Active living in diverse and disadvantaged communities

Apr 03, 2008

About 25 million US children and adolescents are overweight or obese. As obesity continues to increase while physical activity continues to decline in the United States, the disparity between the general population and low-income and minority populations continues to grow larger. These issues are addressed in a special issue of the American Journal of Preventive Medicine (April 2008), Active Living in Diverse and Disadvantaged Communities.

The papers in this special issue of the American Journal of Preventive Medicine are an outgrowth of the fourth Active Living Research Annual Conference sponsored by the Robert Wood Johnson Foundation’s Active Living Research Program. They focus on numerous policy and environmental barriers faced by populations with low rates of physical activity. Many of these barriers to active living reflect broader social and environmental justice issues. The papers identify specific explanations for racial, ethnic, and socioeconomic disparities in active living and obesity while pointing towards policy and environmental solutions.

It is widely known that moderate and vigorous physical activity protects against a variety of chronic diseases. Yet, studies show that 56% of Hispanic and 54% of African-American adults reported no leisure-time physical activity, in contrast to 35% percent of non-Hispanic whites. Other trend data show that little progress has been made to eliminate disparities in physical activity participation. Prevalence of overweight and obesity is also greater in low-income and minority communities.

It has been 12 years since the publication of the Surgeon General’s Report on Physical Activity and Health provided ample evidence that physical activity is a critical, and cost-effective, component of public health. Physical activity practitioners continue to face challenges on how to implement evidence-based, population-level interventions that are tailored for and effective in diverse communities.

This special issue is driven by the recognition that the strategies that have been studied and successfully implemented in general populations may not take into account the unique circumstances and special environments that support or deter active living in underserved, and routinely understudied, communities. One cross-cutting theme throughout the issue is safety concerns related to crime.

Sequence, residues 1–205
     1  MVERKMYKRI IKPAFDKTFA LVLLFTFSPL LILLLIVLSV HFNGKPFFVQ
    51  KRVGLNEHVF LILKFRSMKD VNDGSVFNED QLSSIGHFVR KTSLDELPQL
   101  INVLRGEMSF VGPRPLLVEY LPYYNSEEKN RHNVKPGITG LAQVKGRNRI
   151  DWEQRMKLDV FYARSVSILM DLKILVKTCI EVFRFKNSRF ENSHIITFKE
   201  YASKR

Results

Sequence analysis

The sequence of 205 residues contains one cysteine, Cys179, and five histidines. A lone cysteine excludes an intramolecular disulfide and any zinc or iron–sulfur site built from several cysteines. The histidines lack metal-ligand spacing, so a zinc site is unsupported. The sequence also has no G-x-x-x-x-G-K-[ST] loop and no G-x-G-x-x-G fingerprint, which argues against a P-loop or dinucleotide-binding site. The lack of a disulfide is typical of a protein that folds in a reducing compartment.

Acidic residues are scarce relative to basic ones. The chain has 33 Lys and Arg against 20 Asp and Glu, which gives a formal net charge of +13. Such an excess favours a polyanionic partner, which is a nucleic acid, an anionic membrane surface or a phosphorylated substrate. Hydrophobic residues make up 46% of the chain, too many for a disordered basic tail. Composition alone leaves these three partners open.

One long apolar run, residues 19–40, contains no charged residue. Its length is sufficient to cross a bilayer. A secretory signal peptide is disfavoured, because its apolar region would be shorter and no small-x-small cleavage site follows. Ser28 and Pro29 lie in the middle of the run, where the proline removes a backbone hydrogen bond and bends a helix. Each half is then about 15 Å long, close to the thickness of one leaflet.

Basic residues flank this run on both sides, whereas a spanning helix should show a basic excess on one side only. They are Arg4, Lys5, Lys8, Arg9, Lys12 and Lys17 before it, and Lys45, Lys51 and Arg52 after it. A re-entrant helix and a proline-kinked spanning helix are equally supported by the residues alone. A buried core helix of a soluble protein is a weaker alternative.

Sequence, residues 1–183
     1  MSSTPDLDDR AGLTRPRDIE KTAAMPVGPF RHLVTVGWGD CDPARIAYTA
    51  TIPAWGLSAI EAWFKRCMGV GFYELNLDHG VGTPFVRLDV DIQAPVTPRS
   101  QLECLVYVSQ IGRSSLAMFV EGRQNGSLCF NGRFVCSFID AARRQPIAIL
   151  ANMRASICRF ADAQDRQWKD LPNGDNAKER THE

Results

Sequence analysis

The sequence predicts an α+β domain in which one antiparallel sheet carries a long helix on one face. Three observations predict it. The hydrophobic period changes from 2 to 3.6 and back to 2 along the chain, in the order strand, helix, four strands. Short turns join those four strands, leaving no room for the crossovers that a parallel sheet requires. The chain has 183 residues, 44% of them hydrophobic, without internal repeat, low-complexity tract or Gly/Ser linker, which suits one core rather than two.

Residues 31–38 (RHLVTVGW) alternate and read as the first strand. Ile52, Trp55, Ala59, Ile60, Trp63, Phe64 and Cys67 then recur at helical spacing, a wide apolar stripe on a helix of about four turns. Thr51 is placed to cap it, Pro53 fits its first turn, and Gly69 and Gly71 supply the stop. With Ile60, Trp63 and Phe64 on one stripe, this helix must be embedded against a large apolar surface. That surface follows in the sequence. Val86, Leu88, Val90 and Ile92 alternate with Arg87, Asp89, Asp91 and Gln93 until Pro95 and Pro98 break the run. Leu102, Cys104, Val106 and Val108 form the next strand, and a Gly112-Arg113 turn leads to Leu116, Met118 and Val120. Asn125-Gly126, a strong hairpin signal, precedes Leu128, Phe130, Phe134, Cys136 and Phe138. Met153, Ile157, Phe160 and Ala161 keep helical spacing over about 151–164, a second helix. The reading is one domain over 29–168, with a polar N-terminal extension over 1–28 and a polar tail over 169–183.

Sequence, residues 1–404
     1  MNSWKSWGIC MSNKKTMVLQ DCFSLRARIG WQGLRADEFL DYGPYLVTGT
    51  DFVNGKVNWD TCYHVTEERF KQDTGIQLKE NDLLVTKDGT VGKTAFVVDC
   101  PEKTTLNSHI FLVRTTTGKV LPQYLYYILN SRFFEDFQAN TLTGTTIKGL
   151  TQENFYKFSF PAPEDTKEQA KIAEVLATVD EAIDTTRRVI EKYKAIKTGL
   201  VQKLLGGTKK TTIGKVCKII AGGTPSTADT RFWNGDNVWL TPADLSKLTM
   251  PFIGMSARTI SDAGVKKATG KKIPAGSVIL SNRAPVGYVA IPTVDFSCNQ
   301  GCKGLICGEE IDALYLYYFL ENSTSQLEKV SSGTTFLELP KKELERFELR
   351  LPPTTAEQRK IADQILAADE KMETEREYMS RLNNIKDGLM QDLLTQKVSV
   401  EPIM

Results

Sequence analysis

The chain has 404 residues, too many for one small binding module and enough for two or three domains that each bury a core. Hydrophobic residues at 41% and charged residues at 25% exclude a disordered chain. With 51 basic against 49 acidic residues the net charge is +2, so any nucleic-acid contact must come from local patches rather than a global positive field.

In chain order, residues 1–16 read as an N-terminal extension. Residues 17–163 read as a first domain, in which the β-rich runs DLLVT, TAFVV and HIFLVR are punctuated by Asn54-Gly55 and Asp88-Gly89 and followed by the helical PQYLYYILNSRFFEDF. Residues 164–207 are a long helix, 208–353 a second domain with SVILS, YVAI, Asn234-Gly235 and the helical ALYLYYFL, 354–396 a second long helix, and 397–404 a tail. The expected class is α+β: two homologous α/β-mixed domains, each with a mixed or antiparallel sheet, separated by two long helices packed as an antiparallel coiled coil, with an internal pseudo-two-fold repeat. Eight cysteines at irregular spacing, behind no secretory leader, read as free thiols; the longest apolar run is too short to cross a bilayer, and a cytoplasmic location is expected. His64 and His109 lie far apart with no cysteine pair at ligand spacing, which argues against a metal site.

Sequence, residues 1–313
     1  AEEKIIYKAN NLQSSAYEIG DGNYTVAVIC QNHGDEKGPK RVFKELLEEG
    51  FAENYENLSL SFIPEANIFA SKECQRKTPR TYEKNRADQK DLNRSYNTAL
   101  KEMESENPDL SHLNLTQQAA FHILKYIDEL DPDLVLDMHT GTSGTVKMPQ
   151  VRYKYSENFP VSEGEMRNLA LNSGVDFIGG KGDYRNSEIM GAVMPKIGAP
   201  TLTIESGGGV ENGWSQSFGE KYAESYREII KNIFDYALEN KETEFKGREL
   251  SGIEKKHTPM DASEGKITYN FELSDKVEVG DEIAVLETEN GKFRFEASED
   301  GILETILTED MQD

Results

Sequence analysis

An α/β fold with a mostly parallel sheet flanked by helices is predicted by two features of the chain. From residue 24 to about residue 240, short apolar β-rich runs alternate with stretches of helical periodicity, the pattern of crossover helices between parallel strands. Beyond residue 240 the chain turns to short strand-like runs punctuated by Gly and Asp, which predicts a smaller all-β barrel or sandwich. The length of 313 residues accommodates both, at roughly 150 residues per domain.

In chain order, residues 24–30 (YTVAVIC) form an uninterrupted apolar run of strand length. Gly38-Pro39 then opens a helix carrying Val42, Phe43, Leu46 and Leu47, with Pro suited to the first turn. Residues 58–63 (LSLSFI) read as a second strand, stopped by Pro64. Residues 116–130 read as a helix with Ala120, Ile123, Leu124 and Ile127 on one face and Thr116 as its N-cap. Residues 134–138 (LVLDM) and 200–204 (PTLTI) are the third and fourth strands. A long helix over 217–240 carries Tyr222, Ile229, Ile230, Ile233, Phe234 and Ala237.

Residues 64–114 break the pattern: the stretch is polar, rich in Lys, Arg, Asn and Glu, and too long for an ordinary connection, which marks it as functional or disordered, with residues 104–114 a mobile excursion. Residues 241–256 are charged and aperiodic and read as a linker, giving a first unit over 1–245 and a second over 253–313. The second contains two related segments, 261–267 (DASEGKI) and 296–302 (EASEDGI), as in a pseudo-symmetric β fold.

Writing in an introductory article, “Active Living Research in Diverse and Disadvantaged Communities,” the Guest Editors of the issue state that “...the articles included in this special issue support a conclusion that we need to reclaim our open areas, streets, and parks for play, active recreation, and active transportation. The research reported here provides some initial direction for creating community environments and policies that will support and encourage diverse populations, even those from disadvantaged communities, to live active and healthy lives.”

The Robert Wood Johnson Foundation’s Active Living Research Program focuses on the prevention of childhood obesity in low-income and high-risk racial/ethnic communities by supporting research to examine how environments and policies influence active living for children and their families. This agenda has advanced transdisciplinary research among researchers from exercise science, public health, transportation, urban planning, architecture, recreation and leisure studies, landscape architecture, geography, economics, policy studies, and education to inform environmental and policy changes that promote active living among Americans.

In “Keeping Our Promise to America’s Youth,” Kathy J. Spangler of America’s Promise Alliance writes, “The emerging work of the Active Living Research Program is likely to contribute to addressing the broader social and environmental justice issues affecting children and families in low-income and high-risk racial/ethnic communities. As the opportunities and threats of a technologically advanced, culturally diverse, and increasingly global economy influence social and environmental policy, we must be mindful that children are our future. The work of America’s Promise Alliance is to see that all children are supported with the comprehensive services that they need to succeed in life, which should include being physically active and avoiding obesity. Working together, this should be our promise to America’s young people.”

Source: Elsevier

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